test Browse by Author Names Browse by Titles of Works Browse by Subjects of Works Browse by Issue Dates of Works
       

Advanced Search
Home   
 
Browse   
Communities
& Collections
  
Issue Date   
Author   
Title   
Subject   
 
Sign on to:   
Receive email
updates
  
My Account
authorized users
  
Edit Profile   
 
Help   
About T-Space   

T-Space at The University of Toronto Libraries >
University of Toronto at Scarborough >
Biological Sciences >
Biology >

Please use this identifier to cite or link to this item: http://hdl.handle.net/1807/353

Title: Why are arctic ground squirrels more stressed in the boreal forest than in alpine meadows?
Authors: Hik, David S.
McColl, Carolyn J.
Boonstra, Rudy
Keywords: Arctic ground squirrels
hypothalamic-pituitary-adrenal axis
predation risk
stress
sublethal effects
Issue Date: 2001
Citation: Ă‰coSCIENCE 8 (3) : 275-288 (2001)
Abstract: Arctic ground squirrels (Spermophilus parryii plesius Richardson) in the southeastern Yukon live in both boreal forest and alpine tundra habitats. We live-trapped young male and female squirrels in both habitat types and subjected them to a standardized hormonal-challenge protocol to assess the responsiveness of their hypothalamic-pituitary-adrenal axis. Alpine squirrels had levels of free cortisol at the baseline (initial) bleed following their removal from traps that were 3 times higher in males and 5 times higher in females compared with boreal forest squirrels. Females, but not males, from the boreal forest were dexamethasone resistant, while neither sex from the alpine habitat was resistant. Free cortisol in alpine squirrels also responded more dramatically after the injection of adrenocorticotropic hormone. Corticosteroid-binding globulin levels were significantly lower in forest than alpine squirrels and these levels were not markedly affected by the challenge protocol. Glucose levels were significantly higher in boreal than alpine squirrels and the pattern differed between the two sites in response to the protocol. Hematocrits were significantly higher in alpine squirrels. Collectively, this evidence suggests that Arctic ground squirrels were more chronically stressed in the boreal forest than in the alpine meadows. The most likely explanation for our results is higher predation risk in the forest compared with alpine meadows, as forage availability and population density were not significantly different between the two habitats.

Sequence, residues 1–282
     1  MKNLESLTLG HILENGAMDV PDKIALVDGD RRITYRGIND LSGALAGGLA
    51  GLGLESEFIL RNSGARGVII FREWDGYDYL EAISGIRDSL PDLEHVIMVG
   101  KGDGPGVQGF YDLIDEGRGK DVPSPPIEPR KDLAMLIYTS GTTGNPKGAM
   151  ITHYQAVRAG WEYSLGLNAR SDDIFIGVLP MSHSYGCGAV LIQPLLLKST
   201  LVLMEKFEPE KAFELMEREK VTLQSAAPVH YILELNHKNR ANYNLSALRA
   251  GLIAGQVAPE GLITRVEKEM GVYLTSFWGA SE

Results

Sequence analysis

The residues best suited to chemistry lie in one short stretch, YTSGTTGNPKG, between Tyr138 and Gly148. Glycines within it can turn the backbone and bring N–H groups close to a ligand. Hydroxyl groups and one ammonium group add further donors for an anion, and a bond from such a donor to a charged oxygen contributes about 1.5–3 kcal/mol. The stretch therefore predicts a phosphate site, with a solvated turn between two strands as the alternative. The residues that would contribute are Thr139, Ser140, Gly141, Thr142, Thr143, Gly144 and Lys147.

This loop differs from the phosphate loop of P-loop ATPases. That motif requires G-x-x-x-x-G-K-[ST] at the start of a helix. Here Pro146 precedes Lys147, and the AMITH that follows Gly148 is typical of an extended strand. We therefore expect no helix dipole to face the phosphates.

URI: http://hdl.handle.net/1807/353
Appears in Collections:Biology

Files in This Item:

File Description SizeFormat
Hik.mccoll.boonstra.ecoscience.pdf116.14 kBAdobe PDF
View/Open

Items in T-Space are protected by copyright, with all rights reserved, unless otherwise indicated.

uoft